MUSINGS IN Cb: Perhaps We Have Reached a Creative Tipping Point
Hope this comes across in the positive context that it is meant …
I am always very impressed with the *commitment* it takes for a 14 year old to do most anything at a high level. I applaud this young player in the video. He has put in lots of time on his instrument and that is great. He has put in lots of time on this transcribed solo and that is great too. I am impressed in context.
But, let’s not get it twisted into something it is not …
Caution. I have come to a different place with things like this demonstration, and am not sure that memorizing Bird’s solos as if they were classical etudes, is necessarily a “good” thing for any musician or artist to do lots of.
Memorizing other people’s music like this inherently results in a break down of developing an original musical intellect – at least, if the goal is to truly improvise and not regurgitate something memorized.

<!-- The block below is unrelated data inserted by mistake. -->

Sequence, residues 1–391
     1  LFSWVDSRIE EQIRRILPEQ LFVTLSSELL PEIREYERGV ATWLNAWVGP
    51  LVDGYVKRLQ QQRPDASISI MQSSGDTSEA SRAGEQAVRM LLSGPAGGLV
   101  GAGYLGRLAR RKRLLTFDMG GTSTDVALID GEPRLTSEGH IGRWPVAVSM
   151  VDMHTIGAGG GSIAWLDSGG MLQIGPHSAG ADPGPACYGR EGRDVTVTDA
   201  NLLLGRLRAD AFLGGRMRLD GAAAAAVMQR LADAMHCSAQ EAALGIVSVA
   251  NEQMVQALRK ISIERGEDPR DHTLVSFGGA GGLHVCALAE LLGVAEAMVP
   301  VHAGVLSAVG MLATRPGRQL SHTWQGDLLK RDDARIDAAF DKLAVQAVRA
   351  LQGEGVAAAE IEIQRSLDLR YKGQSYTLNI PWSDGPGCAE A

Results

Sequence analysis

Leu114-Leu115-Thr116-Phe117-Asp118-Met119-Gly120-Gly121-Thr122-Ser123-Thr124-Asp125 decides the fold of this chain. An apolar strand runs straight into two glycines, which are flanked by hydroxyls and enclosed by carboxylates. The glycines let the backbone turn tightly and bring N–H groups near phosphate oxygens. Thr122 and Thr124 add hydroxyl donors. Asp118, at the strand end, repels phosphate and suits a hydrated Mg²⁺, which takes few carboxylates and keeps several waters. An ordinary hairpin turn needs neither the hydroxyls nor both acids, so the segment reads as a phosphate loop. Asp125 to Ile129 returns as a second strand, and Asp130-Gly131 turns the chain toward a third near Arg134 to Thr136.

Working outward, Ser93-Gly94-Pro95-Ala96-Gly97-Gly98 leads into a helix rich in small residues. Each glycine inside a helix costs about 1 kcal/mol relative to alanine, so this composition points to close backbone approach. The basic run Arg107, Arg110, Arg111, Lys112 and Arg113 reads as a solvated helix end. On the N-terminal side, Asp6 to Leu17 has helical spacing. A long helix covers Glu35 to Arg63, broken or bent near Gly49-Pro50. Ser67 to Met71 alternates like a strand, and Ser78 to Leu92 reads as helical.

Improvisation is truly difficult, that’s why most people don’t do it – you have to know form and you literally have to know how to compose.
Most musicians play things that they have practiced and memorized, then pass it along to listeners as if it is improvised. I used to do that too.
Most musicians I know hated theory class and that is what an improviser needs to master in addition to pushing buttons …
“You’ve got to learn your instrument. Then, you practice, practice, practice. And then, when you finally get up there on the bandstand, forget all that and just wail." – Charlie Parker
Access to so much information and material results in these types of things. Not a good or bad thing. Just another contemporary paradigm. Perhaps we have reached a creative tipping point that will result in people actually going back to basics and simply creating again …
I always insist upon teaching my students to play the saxophone, first. Then, we cover lots of the harmony and theory behind the music they are preparing or learning about. This process is relatively long and arduous, if an attempt is to compare it with learning and reproducing someone else’s notes.
However, when we are learning to improvise the key is to IMPROVISE!
Selmer (Paris) Saxophone Artist; Marketing and Communications Manager at American Jazz Museum; Professional Jazz Recording Artist; Composer; Educator; Entrepreneur; and, Businessman